Mental illness is a real and pressing issue in today’s society. What is less talked about, however, is the fact that mental illness does not discriminate. Mental illness can affect anyone, at any age, from any walk of life. This includes children. In 2022 alone, as many as 17.4% (or 1 in 6) of children aged 2–8 years have been diagnosed with a mental illness.
Unfortunately, there are still many misconceptions surrounding mental illness in children. In this blog post, you’ll learn five of the most common myths about mental illnesses in children.
- Myth #1: “Children are too young to experience mental illness.”
- Myth #2: “Mental illnesses in children are just a phase.”
- Myth #3: “Children who experience mental illness are just attention-seeking.”
- Myth #4: “It’s normal for children to experience strong emotions; they’re just kids.”
- Myth #5: “There’s nothing we can do to help children with mental illness.”
Myth #1: “Children are too young to experience mental illness.”
Truth: Mental illness does not discriminate based on age. According to the National Alliance on Mental Illness (NAMI), 1 in 5 children aged 13–18 live with a mental health condition. That means 20% of teenagers now struggle with mental illness. Furthermore, coping with mental illness at any age can be difficult, but it can be especially tough for children. This is because they typically don’t have the same life experiences or coping mechanisms as adults do. Mental illness is not something that only affects adults; it can affect children, too.
Myth #2: “Mental illnesses in children are just a phase.”
Truth: Many people still believe that mental illnesses in children are simply a phase they will eventually grow out of. This could not be further from the truth. Mental illnesses are real and should be taken seriously, regardless of the age of the individual affected. Left untreated, mental illnesses can have long-lasting and detrimental effects on an individual’s health and well-being.
For one, mental illness can affect a child’s schooling. Children with mental illness are more likely to have lower grades, miss more school days, and be held back a grade. One study discovered that 50% of all mental illness that affect people in life starts by age 14, and 75% of all mental health disorders develop when a person reaches 24. This means that mental illness is not something children simply grow out of—it is a real and serious issue that needs to be addressed.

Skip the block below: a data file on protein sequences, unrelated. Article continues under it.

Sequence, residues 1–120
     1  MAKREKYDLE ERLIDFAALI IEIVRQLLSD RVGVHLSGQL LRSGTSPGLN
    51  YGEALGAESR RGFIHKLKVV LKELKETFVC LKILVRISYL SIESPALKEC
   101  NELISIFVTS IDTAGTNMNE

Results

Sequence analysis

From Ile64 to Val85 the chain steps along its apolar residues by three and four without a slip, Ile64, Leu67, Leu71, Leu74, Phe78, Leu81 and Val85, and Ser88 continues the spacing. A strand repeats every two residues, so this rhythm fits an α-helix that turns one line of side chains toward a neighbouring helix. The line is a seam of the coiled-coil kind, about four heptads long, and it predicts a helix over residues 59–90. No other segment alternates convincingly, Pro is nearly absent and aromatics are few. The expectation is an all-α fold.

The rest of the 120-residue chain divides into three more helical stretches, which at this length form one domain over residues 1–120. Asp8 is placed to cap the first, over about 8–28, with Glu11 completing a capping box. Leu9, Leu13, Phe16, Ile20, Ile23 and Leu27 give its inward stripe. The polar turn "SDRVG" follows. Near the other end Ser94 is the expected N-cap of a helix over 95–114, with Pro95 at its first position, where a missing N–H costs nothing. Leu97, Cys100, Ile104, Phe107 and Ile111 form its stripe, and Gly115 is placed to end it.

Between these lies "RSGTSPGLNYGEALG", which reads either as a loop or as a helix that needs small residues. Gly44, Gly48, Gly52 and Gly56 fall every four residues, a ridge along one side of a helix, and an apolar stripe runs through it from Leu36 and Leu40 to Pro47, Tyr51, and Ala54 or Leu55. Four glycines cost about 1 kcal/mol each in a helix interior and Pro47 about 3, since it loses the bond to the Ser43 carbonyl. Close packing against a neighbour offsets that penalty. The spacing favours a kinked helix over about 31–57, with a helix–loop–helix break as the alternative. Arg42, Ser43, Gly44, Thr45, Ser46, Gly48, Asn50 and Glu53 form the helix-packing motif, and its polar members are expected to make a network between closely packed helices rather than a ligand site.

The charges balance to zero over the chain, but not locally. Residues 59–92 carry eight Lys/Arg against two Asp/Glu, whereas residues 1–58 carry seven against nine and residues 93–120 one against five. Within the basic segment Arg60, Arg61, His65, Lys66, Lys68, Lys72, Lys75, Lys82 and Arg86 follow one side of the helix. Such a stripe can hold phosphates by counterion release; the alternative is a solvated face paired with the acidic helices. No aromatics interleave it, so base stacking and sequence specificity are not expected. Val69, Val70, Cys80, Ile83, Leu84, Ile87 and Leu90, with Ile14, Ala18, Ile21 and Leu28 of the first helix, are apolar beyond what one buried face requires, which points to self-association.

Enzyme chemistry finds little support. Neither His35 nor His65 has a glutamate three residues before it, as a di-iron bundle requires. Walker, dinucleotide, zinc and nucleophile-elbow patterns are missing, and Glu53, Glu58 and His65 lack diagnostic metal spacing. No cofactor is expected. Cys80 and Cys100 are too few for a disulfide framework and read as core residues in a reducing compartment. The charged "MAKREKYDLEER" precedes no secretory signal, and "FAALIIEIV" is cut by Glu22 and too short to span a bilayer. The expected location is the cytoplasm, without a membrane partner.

If you’ve noticed your children exhibiting any signs or symptoms of mental illness, it’s important to seek professional help. Some mental illnesses are manageable, but you’ll need experts to help you devise the proper plan and treatment for your child. Fortunately, you can work with child cognitive behavioral therapy and mental health professionals to ensure your child gets the necessary help and support.
Myth #3: “Children who experience mental illness are just attention-seeking.”
Truth: One of the most harmful myths about mental illness is that those who suffer from it are just looking for attention. This myth invalidates the very real experiences and suffering of those with mental illness. It also discourages many people from seeking help, as they fear that they will be seen as attention-seekers rather than people who are genuinely struggling.
One way to dispel this myth is to educate yourself and others about the realities of mental illness. Read books, volunteer at support groups, or talk to mental health professionals to learn more about mental illness and how it affects people. Only then can we start to break down the stigma surrounding mental illness and encourage more people to seek help. Mental illness is a real and serious issue, regardless of whether or not someone is seeking attention.
Myth #4: “It’s normal for children to experience strong emotions; they’re just kids.”
Truth: While it is true that children do experience strong emotions, it is important to differentiate between normal emotional fluctuations and signs of a more serious issue. Suppose your child is exhibiting signs of a mental health condition, such as persistent sadness, withdrawing from friends and activities they once enjoyed, or drastic changes in mood or behavior. If that’s the case, it is important to seek professional help. These could be signs of a more serious problem that requires treatment.
When you don’t know how to differentiate between normal childhood emotions and signs of a mental health condition, it can be helpful to consult with a professional. A mental health expert can assess your child and guide you on how to best support them.
Myth #5: “There’s nothing we can do to help children with mental illness.”
Truth: The final myth to address is the belief that there is nothing parents or caregivers can do to help a child suffering from a mental illness. This could not be further from the truth. You can do many things to help your child if they are struggling with a mental health condition.
Firstly, you can educate yourself and your child about their condition. This can help normalize their experience and make them feel less alone. Secondly, you can create a support system for your child by involving close family members and friends in their care. Finally, you should seek professional help if you feel your child would benefit from treatment by a qualified mental health professional.
Mental illness is a real and pressing issue affecting people of all ages across the globe. In this blog post, you learned about five common myths about mental illnesses in children to help spread awareness and understanding about this important topic. If you think your child might be struggling with their mental health, don’t hesitate to reach out for help! Many resources are available to you and your family to get started on the road to recovery today.